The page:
See the ‘Alternative dispute resolution’ guide which has been updated to reflect these developments, and diarise for early February in the hope we will know more then.

Zero Hours Contracts

The Department for Business, Innovation and Skills has produced a guide for employers on zero-hour contracts. There is also guidance from ACAS.

The BIS guide explains how zero-hour contracts work, the difference between appropriate and inappropriate use of such arrangements, and gives guidance on best practice and alternatives to zero-hour contracts.

BIS says:

Zero hours contracts allow flexibility for both employers and individuals. However, they should not be considered as an alternative to proper business planning and should not be used as a permanent arrangement if it is not justifiable.”

Having contractors available for call–in is not a zero hours contract, if the contractor remains genuinely self-employed.

In contrast someone who is not self-employed will acquire employment rights as a ‘worker’, including the National Minimum Wage, protection from discrimination, rest breaks, annual leave, sick pay and pensions auto-enrollment.

If the arrangement is one under which they work regularly but do not work regular hours, they are likely to be an ‘employee’, with additional rights to a written statement of terms & conditions, holidays, holiday pay and in time protection against unfair dismissal or the right to a redundancy payment. This will apply where there is not a full week without work from Sunday to Saturday between the times they do work, but leaving that break will not necessarily be enough to prevent a ‘worker’  becoming an ’employee’.

Because ‘zero-hours contract’ is used to cover a wide range of situations, it is important for employers to ensure that written contracts contain provisions setting out the status, rights and obligations of their zero-hours staff. Having done that they must keep to those contracts, as otherwise they may find that a ‘worker’ has become an ’employee’. A court or employment tribunal will look at the reality of what happens not just what is written down.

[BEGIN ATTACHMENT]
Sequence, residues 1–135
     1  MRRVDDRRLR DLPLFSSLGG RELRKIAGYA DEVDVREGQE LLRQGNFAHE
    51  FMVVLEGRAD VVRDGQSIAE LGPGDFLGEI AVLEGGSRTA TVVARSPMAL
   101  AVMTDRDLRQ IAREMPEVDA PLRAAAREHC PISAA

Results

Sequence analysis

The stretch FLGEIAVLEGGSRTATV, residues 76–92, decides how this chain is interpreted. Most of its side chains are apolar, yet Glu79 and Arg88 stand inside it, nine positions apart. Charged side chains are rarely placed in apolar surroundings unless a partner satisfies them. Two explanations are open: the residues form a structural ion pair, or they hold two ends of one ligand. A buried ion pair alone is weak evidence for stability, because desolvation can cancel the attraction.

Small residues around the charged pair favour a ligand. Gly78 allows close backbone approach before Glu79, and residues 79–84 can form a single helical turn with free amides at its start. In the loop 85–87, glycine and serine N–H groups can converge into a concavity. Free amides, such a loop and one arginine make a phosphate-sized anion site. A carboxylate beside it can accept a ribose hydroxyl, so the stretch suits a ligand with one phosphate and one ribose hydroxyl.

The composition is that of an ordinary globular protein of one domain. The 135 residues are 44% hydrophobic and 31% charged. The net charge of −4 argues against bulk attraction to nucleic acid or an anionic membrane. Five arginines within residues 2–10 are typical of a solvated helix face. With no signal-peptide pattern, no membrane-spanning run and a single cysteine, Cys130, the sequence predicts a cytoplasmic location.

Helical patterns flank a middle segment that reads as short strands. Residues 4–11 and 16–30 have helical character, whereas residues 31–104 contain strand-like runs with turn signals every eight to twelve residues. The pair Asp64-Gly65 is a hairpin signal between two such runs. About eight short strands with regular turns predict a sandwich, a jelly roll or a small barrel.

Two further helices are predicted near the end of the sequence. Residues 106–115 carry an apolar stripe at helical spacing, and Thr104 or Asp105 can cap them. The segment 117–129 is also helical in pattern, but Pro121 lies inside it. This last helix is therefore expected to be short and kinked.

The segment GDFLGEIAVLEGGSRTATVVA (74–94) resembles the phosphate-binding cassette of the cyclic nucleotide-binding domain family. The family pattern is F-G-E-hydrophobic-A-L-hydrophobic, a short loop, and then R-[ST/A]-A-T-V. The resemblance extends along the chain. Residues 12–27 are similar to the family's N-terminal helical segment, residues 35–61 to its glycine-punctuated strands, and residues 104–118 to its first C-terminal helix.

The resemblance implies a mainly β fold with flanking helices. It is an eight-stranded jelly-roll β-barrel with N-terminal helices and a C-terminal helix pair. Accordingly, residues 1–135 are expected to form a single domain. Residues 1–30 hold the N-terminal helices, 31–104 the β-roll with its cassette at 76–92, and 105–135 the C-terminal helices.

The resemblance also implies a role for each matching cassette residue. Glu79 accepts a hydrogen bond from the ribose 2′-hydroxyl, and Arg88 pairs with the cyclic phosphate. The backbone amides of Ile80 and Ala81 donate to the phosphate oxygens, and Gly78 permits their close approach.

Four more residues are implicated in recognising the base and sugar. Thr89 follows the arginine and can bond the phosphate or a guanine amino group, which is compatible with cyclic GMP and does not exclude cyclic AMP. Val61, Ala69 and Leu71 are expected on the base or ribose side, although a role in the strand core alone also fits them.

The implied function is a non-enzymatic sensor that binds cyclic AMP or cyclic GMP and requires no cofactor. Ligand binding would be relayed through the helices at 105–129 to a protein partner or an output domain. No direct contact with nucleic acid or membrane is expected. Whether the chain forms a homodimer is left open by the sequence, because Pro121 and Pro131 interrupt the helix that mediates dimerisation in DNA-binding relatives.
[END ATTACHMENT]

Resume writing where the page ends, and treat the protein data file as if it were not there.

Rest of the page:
It is important that employers and employees understand what they are doing. Not being clear can lead to disputes, disgruntlement and litigation. Employers may feel that claims from zero-hours staff will be deterred by the costs of paying the high fees to make a claim to an Employment Tribunal, but many claims can also be brought in the Small Claims Court, which is much cheaper.

We are pleased to store your Property Documents and / or Wills free of charge

If you have important documents that you would like to be securely stored by us free of charge, please telephone Dorothy Baker on 01749 674747 or by email to

You do not have to be an existing client of Harris & Harris to use this service, but we will need you to provide proof of identification.

We are a firm of solicitors regulated by the Solicitors Regulation Authority and maintain insurance which means that you can rest assured your documents will be safe and secure, and available if you need them.